City, being City, will surely fall short of the Premier League title as £130 million worth of new acquisitions bed in.
In Europe though Barcelona has done outstanding business, replacing the ineffective Zlatan Ibrahimovic with the Spanish goal machine David Villa. Javier Mascherano is surely an upgrade on the hopelessly overrated Yaya Touré.
Meanwhile, Real Madrid has also found real value in recruiting the brilliant playmaker Mesut Özil, along with Sergio Canales and Sami Khedira for little more than €30 million.
The activity during the window points to a tight race domestically, where Chelsea must be considered favourites. A probable knock-out round exit awaits United in Europe.
For the owners that scenario remains economically acceptable. After all, United was the biggest grossing club in the Champions League last season despite the early exit and revenue is the Glazer family’s only concern.
Fans might just think differently come may.[table id=5 /]
Sir Alex Ferguson says he is close to finalising his 25 man Premier League squad but may have to make a last-minute call on injured players. New rules dictate that Ferguson must name a maximum squad of 25 men, including eight players deemed as home grown. The Scot may also name an unlimited ‘B’ list of under 21 players to supplement the squad.
Premier League rules, agreed by club chairmen last September, state that home grown players are those registered by an English club for at least three seasons between the ages of 16 and 21. Ferguson is well served in this department with 12 players in his ‘A’ list and another eight on the ‘B’ list this season.
The United manager will also benefit from naming a number of first team squad members on his ‘B’ list, including Rafael da Silva, Chris Smalling, Federico Macheda and Gabriel Obertan whom are all under 21 as of January this year.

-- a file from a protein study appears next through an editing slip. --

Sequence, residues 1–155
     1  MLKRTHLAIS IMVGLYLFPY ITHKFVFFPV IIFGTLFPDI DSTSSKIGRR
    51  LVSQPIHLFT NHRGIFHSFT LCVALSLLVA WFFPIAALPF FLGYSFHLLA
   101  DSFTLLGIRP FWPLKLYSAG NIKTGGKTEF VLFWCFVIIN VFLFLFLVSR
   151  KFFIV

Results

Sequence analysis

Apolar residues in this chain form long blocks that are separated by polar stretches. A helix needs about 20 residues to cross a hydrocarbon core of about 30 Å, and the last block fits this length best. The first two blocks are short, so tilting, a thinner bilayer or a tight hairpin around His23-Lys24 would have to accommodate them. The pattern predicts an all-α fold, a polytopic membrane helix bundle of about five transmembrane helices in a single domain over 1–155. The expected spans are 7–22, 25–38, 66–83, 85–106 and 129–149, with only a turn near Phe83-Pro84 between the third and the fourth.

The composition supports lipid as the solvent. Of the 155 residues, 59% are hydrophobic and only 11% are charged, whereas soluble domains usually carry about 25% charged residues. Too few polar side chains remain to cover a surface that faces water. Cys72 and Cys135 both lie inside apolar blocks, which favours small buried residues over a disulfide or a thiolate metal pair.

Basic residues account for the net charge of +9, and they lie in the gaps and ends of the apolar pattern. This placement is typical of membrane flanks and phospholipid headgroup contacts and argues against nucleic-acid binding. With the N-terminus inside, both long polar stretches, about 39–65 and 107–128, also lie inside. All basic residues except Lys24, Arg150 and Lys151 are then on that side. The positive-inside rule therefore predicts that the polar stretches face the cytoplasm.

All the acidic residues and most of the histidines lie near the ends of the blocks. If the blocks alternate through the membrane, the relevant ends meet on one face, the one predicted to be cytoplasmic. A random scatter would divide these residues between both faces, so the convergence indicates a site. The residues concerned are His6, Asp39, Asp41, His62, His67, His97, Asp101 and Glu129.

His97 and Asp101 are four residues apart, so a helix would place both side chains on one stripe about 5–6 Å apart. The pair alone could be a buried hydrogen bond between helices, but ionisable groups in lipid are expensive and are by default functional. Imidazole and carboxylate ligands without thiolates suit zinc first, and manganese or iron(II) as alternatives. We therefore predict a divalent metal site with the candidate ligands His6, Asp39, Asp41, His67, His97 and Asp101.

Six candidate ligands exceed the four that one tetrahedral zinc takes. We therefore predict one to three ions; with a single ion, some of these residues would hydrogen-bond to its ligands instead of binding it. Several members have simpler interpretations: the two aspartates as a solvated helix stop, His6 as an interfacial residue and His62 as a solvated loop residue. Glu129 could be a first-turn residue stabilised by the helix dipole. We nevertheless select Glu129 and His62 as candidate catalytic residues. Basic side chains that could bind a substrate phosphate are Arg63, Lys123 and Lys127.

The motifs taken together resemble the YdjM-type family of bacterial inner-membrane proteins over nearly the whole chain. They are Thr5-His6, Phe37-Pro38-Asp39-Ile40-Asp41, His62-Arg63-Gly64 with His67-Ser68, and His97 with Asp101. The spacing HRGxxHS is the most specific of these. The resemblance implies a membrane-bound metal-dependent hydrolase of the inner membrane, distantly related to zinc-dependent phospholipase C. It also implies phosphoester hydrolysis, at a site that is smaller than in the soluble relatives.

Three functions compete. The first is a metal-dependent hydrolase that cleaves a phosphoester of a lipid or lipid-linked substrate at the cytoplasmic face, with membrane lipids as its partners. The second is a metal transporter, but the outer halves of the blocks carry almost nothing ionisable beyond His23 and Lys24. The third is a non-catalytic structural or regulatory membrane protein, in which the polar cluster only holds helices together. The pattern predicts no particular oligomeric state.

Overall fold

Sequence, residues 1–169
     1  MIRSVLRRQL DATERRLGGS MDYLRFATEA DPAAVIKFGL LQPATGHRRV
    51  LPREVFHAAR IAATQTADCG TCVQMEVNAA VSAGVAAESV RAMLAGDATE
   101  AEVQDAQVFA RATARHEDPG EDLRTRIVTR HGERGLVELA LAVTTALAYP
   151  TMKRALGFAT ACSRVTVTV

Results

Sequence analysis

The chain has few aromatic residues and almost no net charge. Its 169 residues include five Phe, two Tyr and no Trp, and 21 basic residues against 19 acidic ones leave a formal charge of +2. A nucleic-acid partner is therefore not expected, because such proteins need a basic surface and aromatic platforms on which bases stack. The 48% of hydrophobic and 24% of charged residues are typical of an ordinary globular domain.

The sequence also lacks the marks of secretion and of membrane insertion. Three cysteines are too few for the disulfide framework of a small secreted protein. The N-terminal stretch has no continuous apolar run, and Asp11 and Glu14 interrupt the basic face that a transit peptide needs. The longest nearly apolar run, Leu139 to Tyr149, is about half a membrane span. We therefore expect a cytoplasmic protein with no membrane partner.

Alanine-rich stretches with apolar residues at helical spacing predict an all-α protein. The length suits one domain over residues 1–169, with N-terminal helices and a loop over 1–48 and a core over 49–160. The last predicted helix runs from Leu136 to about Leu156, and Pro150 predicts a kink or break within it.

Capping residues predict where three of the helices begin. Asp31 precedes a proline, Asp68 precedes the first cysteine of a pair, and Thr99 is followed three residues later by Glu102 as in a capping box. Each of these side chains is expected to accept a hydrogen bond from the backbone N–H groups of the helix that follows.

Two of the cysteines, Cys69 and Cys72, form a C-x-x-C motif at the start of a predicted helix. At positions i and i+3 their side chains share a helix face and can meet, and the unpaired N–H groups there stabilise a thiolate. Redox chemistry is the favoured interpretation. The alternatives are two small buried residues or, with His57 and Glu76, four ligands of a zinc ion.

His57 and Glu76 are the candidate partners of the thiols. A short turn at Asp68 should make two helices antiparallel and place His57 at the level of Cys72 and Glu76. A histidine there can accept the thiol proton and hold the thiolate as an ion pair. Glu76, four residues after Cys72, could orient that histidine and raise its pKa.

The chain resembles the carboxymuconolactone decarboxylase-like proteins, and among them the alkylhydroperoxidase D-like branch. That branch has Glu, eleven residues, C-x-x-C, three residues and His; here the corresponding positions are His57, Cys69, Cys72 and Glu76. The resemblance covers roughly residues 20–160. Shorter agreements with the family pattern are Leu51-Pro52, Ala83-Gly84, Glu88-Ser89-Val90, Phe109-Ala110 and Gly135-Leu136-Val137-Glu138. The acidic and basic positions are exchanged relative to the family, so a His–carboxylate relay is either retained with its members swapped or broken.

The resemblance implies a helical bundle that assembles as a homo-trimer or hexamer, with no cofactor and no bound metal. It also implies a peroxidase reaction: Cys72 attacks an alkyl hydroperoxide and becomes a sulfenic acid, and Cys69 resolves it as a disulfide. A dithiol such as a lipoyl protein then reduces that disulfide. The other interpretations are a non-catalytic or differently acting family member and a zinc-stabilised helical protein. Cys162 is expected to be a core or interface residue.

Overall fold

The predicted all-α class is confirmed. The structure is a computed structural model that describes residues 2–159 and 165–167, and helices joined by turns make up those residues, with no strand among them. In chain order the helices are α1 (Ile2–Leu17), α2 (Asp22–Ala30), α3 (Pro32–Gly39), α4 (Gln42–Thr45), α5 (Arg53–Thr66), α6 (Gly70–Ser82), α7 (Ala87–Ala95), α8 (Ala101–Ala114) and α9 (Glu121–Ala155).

Ferguson’s final Premier League squad is also likely to match his Champions League squad very closely, although the rules are not identical. UEFA also stipulate a 25 man ‘A’ squad but have no provision for home grown talent. The United manager can also name a ‘B’ list of players born on or after 1 January 1989, so long as each player was eligible to play for the club for any uninterrupted period of two years since their 15th birthday.
However, Ferguson indicated that he may be forced to leave out injured pair Anderson and Owen Hargreaves if either has not recovered from injury by the time the window shuts. Anderson is expected to return in late September, while Hargreaves remains at Dr. Richard Steadman’s Denver clinic for the foreseeable future.
“It does give me a problem, but I’ve just got to wait as long as I can,” Ferguson said overnight in Houston, where United faces the MLS All-Stars last on Wednesday night.
“I have to make a decision at some point of course and it depends on when I think those players can come back. Most of it [the squad] is formulated in my mind, but one or two I have to make decisions on.”
With 25 men probably on the ‘A’ list already, Ferguson is likely to face a tough choice over Anderson and Hargreaves only if the Scot dips into the transfer market for a player over the age of 21 before the window closes on 1 September this year.
The new rules, despite some media coverage to the contrary, are not aimed at increasing the number of English players in the Premier League, although they will offer younger players more exposure and prevent player stockpiling.
Indeed, United is already well place in terms of squad composition compared to rivals Manchester City, Chelsea, Arsenal and especially Liverpool. While City may leave expensive signings on the sidelines, or ship them out this summer, Liverpool can only name a 20-man senior squad as it stands. Similarly Chelsea and Arsenal are each short of home grown talent within the senior ranks.
Ferguson may face a tougher choice at start of 2011/12, with home grown players Ryan Giggs, Paul Scholes and Gary Neville possibly retiring. That said a number of the current ‘B’ list including the da Silva brothers will qualify as home grown if they are not already by next summer.
If the legendary United triumvirate does retire Ferguson will face some serious challenges rebuilding his squad, with Michael Owen and Hargeaves also out of contract in June 2011. While Owen’s contract includes an option for a third season at the club, it will take a minor miracle for Canadian-born England international Hargreaves to earn another contract with the club.[table id=5 /]